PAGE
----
Renée has recently announced that the movie can now be viewed and purchased in digital form online. Specifically, the film can be bought or rented through the iTunes Store. The link to its page in the store is: http://itunes.apple.com/WebObjects/MZStore.woa/wa/viewMovie?id=424161325&s=143441. From what I see it can be purchased for $14.99 or rented for $3.99.

If you can’t or don’t use iTunes Store you can also rent it to watch through the following site for $5 at http://www.sweetfilmstream.com/Something/. This site also has trailers available.

If you are interested about what the leading psi researchers have done in the past and what they do in the present, this is an invaluable movie. Support Renée and her work by viewing her great film!

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Hereafter – a new Clint Eastwood movie about life after death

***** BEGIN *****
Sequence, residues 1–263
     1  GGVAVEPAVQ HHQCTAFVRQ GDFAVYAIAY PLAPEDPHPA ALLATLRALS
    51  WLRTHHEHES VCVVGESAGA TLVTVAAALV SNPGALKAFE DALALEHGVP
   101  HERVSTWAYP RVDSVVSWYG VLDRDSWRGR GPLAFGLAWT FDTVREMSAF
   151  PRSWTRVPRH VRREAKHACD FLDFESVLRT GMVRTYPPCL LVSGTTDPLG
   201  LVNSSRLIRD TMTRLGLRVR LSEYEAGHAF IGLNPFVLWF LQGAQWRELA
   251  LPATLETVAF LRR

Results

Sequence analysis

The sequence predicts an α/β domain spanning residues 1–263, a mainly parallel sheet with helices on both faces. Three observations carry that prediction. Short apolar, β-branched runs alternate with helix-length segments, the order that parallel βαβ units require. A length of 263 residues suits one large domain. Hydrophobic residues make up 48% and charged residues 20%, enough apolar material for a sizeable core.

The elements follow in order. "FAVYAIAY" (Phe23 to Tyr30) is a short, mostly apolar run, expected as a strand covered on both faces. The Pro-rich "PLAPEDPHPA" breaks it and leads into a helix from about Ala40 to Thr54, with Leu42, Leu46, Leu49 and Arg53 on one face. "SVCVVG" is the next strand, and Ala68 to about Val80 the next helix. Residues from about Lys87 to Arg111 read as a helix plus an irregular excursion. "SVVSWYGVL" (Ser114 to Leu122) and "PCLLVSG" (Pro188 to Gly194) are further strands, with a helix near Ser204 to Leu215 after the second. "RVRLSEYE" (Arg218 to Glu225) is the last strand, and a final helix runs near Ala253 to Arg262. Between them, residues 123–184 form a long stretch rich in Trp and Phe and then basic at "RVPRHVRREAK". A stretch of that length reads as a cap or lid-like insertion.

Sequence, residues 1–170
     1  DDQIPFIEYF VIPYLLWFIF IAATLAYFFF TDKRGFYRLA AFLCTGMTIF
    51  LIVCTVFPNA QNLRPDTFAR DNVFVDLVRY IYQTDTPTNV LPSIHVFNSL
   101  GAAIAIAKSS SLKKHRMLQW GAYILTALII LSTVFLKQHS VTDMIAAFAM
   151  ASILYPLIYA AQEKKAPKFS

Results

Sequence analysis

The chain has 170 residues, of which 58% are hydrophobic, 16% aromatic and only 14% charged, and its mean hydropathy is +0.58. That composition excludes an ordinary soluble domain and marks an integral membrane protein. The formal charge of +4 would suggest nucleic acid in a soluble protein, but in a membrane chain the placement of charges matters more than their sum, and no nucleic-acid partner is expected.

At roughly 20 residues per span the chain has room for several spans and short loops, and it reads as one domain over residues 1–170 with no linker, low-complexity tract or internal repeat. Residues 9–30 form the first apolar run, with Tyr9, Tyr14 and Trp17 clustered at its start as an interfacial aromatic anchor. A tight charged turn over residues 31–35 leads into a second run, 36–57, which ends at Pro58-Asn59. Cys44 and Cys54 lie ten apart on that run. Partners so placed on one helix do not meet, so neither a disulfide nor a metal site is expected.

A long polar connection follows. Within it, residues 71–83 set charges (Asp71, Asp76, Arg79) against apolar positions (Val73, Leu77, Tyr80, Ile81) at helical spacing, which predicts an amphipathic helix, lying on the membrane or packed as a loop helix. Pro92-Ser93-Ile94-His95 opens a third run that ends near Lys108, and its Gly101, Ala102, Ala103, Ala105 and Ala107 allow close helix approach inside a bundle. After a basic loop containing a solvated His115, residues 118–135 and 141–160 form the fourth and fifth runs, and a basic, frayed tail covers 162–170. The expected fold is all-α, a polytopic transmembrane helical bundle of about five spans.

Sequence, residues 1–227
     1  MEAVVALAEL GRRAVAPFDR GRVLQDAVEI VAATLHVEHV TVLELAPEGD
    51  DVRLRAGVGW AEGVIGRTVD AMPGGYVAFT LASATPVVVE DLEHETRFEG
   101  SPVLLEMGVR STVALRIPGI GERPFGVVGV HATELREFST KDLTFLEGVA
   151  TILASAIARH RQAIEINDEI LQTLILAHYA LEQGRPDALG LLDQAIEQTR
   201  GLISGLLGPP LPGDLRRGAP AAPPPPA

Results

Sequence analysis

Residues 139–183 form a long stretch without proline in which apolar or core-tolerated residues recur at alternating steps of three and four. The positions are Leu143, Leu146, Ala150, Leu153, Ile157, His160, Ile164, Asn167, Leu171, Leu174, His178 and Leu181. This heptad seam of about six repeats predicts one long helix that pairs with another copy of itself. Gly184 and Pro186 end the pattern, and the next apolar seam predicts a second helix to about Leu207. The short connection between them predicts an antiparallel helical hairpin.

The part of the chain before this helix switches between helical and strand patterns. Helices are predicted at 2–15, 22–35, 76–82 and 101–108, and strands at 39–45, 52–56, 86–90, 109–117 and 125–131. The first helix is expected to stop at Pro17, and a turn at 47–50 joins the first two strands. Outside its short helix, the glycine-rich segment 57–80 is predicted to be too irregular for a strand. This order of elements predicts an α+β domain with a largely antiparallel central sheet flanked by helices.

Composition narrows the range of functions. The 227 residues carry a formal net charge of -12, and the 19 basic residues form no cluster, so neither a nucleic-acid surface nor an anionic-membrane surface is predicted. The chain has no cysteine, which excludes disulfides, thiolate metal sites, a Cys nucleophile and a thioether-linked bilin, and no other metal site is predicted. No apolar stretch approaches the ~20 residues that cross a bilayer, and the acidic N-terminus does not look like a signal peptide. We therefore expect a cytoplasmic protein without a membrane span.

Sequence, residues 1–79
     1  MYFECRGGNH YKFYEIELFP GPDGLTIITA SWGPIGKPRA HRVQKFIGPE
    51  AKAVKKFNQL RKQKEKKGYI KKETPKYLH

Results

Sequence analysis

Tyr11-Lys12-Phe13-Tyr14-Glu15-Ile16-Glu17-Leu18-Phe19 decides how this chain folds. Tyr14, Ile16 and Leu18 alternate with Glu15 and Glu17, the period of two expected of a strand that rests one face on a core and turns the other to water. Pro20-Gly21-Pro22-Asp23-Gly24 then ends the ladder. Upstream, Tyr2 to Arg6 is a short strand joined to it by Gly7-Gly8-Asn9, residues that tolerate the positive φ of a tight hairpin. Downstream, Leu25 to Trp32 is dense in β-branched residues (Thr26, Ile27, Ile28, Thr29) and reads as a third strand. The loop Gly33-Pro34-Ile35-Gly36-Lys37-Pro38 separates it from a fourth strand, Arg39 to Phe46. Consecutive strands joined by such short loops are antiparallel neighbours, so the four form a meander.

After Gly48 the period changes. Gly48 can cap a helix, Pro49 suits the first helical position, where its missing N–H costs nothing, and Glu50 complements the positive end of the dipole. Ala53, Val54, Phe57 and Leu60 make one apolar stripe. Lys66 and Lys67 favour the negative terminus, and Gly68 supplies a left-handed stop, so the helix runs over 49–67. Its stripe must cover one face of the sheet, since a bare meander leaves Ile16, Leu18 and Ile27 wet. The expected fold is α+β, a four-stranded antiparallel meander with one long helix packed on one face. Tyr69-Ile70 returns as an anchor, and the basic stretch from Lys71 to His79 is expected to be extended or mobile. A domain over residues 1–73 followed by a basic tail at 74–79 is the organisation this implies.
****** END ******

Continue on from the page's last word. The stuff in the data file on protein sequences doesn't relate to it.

Posted on Jan 28, 2011 in Mediumship | 3 comments

A new Clint Eastwood film that has opened today in the UK and Europe, after a successful run in the US, and just been Academy Award nominated for best visual effects.

The movie, “Hereafter”, tells the story of three people who are haunted by mortality in different ways. George (Matt Damon) is a blue-collar American who has a special connection to the afterlife. On the other side of the world, Marie (Cécile de France), a French journalist, has a near-death experience that shakes her reality. And when Marcus (George McLaren and Frankie McLaren), a London schoolboy, loses the person closest to him, he desperately needs answers. Each on a path in search of the truth, their lives will intersect, forever changed by what they believe might—or must—exist in the hereafter.